The 10 mg tablet comes in the same capsule shape but has a white color. On one side it has “AMB 10” debossed on it, while the other side has “5421,” from the NDC number, 0024-5421-XX, with XX also changing depending on how it’s packaged.
What Does It Do?
Ambien works by slowing the activity of the central nervous system. This system is composed of your spine, your brainstem, and your brain. Nearly all depressants work by slowing down brain function, allowing you to relax.
Our brain sends messages to the body by the use of chemicals called neurotransmitters. These tiny molecules exist between the small space between neurons called the synapse. When a particular stimulus is registered by the nerves like pain, the neurons fire neurotransmitters to other neurons in lightning-fast progression until it reaches the brain or spinal cord. The brain or spinal cord then sends back a signal, passed along by the use of neurotransmitters, back to the nerves that felt the stimulus and it causes the area to feel pain.
This is one example among hundreds of ways the brain communicates with the use of neurotransmitters. Among those, in particular, is the neurotransmitter called GABA, short for “Gamma-AminoButyric Acid.” What it does it that it causes neurons to lock up, preventing them from firing certain neurotransmitters, or just stop them from firing altogether. GABA functions as our relaxants, which relieves feelings of anxiety, danger, and fear.
Ambien works similar to this. Your neurons cannot tell the difference between Ambien and GABA. The neurons pick up Ambien and behave as if they got GABA, causing them to lock up, or limit their neural firing.
This is how Ambien slows your brain activity down. The dosage is not enough to completely stop your brain activity, but it’s enough to trick the brain into going to a state of lethargy, helping you sleep. Ambien does not directly cause sleep though, unlike tranquilizers and barbiturates (usually used in surgery), but it dramatically helps facilitate it, which is why it’s commonly used to help people with trauma or anxiety disorders.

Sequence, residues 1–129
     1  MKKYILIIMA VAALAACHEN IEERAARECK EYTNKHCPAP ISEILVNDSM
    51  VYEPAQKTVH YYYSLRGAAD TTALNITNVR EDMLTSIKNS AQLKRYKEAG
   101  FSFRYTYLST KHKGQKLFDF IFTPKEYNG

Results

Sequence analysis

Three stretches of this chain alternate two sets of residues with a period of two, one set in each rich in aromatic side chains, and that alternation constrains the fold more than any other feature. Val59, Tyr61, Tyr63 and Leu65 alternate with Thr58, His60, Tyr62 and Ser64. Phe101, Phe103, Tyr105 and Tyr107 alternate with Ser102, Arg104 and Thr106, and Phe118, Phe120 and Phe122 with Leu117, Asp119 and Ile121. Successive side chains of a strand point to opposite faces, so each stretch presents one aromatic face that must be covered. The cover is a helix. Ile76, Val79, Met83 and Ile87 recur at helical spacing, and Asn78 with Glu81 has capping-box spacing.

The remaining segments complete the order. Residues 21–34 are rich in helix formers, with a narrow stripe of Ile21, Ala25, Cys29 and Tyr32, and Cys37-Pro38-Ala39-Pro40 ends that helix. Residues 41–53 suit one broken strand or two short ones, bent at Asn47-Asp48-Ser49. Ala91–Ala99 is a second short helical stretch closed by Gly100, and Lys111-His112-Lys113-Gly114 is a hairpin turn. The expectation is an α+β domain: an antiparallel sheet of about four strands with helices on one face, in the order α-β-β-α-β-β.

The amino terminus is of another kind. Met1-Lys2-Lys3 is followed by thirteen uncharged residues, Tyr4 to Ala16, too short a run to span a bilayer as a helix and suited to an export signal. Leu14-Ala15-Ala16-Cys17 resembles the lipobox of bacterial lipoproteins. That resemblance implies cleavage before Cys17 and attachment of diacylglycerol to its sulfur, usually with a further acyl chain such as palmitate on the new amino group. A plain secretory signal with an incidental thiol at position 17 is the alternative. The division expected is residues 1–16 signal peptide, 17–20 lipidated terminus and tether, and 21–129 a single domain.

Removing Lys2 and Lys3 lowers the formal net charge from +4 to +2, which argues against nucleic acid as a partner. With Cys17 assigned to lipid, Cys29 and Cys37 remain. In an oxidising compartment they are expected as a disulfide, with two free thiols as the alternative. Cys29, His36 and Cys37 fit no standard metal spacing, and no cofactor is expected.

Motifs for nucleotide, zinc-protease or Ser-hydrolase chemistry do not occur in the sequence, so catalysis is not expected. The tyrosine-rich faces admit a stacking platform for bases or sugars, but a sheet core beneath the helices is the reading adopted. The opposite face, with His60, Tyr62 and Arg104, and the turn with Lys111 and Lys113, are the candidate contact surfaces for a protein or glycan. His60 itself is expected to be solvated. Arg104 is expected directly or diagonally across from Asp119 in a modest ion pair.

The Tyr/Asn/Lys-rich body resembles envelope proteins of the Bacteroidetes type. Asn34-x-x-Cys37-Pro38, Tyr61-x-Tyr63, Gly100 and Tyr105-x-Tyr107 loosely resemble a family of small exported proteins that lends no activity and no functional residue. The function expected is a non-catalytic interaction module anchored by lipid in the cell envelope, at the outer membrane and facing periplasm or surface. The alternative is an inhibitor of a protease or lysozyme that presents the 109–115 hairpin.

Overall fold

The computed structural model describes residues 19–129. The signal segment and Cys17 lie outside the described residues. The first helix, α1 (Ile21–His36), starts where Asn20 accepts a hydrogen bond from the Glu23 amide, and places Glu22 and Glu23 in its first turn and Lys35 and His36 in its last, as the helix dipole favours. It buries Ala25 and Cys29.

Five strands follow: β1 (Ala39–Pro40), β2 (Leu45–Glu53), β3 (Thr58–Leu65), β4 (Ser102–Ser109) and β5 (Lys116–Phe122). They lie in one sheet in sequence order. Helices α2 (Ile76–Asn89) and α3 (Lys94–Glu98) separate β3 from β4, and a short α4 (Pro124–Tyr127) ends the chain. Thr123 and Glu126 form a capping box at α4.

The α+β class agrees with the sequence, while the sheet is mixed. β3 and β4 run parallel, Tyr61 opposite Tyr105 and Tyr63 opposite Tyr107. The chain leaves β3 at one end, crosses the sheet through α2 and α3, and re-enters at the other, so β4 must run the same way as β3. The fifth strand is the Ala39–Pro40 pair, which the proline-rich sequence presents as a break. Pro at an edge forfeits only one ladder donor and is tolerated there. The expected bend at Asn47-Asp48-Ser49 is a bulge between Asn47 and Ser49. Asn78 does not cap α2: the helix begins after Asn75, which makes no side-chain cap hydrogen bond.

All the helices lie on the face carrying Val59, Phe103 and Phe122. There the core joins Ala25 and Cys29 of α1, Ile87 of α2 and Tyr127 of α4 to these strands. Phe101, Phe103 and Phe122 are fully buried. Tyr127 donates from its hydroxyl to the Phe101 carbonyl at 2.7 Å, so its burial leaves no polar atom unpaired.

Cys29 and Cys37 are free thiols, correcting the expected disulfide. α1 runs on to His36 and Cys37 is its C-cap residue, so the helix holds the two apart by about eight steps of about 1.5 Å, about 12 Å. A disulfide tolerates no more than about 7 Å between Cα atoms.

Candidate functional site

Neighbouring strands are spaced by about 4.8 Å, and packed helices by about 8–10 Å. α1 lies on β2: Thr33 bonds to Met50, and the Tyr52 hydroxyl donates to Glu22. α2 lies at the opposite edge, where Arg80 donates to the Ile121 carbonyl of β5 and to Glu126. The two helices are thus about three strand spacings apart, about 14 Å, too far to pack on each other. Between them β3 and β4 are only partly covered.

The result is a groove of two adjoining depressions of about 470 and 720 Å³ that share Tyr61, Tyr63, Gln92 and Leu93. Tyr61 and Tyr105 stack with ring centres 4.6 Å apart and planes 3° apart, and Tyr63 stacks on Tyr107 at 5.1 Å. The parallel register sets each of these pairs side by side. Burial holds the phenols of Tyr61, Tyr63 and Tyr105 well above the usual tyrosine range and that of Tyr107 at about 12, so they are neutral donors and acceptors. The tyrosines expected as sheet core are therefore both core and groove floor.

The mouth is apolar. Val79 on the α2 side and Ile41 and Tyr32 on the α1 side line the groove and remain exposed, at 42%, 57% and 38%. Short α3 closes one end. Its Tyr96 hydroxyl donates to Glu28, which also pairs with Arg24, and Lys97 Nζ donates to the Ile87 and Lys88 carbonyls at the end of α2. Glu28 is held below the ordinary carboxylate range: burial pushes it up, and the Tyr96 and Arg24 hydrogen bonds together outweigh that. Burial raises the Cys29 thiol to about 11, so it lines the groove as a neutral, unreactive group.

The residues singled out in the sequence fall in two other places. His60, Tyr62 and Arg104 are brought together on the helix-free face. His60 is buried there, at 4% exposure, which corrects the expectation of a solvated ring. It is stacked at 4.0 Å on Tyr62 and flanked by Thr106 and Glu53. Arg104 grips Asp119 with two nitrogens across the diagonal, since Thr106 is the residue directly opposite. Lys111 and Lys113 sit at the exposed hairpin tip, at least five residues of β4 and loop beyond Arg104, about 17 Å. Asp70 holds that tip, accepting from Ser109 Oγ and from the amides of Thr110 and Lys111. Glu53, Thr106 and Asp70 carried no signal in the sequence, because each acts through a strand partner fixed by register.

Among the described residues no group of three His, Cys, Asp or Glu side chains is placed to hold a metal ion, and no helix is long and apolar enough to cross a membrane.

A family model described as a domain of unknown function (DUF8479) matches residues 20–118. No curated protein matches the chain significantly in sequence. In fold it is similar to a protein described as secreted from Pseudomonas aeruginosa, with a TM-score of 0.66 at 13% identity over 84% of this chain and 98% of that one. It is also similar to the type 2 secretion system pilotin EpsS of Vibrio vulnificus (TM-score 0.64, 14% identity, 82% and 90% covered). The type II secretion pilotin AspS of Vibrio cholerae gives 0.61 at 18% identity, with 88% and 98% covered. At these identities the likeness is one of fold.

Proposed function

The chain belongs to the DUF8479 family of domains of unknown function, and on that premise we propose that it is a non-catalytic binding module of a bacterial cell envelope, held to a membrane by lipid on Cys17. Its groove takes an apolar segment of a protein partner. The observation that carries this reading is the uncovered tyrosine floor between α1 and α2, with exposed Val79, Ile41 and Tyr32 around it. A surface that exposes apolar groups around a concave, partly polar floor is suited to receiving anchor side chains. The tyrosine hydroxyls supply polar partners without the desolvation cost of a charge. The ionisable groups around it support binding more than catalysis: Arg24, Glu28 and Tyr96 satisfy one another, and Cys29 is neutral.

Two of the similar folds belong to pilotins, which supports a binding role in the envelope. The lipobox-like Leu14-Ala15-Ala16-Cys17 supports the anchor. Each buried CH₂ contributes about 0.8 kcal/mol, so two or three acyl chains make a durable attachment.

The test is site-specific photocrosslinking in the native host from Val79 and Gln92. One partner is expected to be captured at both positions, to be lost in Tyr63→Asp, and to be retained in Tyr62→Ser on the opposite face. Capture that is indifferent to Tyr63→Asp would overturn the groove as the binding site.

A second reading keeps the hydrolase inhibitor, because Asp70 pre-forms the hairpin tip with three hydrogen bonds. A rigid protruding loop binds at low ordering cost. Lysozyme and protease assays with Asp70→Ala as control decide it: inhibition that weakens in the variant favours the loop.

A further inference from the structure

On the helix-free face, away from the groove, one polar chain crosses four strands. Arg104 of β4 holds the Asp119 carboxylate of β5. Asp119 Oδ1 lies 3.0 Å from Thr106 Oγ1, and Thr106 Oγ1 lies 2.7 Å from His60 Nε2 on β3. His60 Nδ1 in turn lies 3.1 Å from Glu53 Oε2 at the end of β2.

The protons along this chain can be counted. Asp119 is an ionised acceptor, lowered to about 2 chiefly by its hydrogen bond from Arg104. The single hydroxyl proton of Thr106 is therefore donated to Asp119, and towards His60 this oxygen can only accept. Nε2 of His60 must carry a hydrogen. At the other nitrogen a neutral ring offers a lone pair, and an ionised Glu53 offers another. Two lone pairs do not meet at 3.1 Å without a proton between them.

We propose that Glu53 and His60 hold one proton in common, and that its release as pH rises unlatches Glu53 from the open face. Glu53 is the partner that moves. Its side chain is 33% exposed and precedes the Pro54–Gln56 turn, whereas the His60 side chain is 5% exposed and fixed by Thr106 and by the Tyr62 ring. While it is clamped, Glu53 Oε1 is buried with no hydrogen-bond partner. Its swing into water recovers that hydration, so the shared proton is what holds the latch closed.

Is It a Controlled Substance?
When it first debuted in 1991, it was an over-the-counter drug. It was used by people who suffered from insomnia to those whose sleeping problems were due to outside influences, like noisy apartment neighbors. It was widely acclaimed for its ability to help people relax, but that freedom and potency led to abuse.
At first, it was turned into a drug only obtainable via prescription, such as most antibiotics. However, this was also abused by the ease of making fake prescriptions, furthering illegal drug distribution.
Eventually, it was listed as a Schedule IV (4) drug, which means Ambien has high risks of abuse which will lead to physical and mental dependency, along with the ranks of Heroin. The difference though is that despite having strict control, Ambien, aka zolpidem still sees proper medical use.
What are the Side-effects?
Ambien is not a “take as needed” type of drug. It needs to be taken on a regular interval, otherwise, the person would feel withdrawal symptoms. Due to regular intake, it’s not uncommon for the person to feel side effects such as:
- Reduced Coordination
- Unshakable feeling of tiredness or heaviness
- Dryness of the throat
- Cold-like symptoms like stuffy nose and throat irritation
- Minor bouts of nausea, constipation, upset stomach, or diarrhea.
- Muscle pains, especially back pains
According to some users, the side effects eventually lessen over regular use, but that is up for debate.
In some cases, especially when abused, a person may experience the following symptoms; if they do, they must seek medical attention
- Chest pains leading to irregular heartbeats
- Fainting spells
- Tunnel vision and the feeling that you might black out
- Trouble breathing, shallow breathing, and difficulty swallowing
- Lapses in memory, or big time gaps
The reason why Ambien is strictly controlled is due to the numerous injuries and fatalities caused by the drug either by people making mistakes under the influence of it, or misuse of the substance. Ambien is allowed to be sold because it’s useful to people who really need it. Using it for recreation will lead to conditions both physical and mental, which are not worth the effort spent obtaining the drug illegally.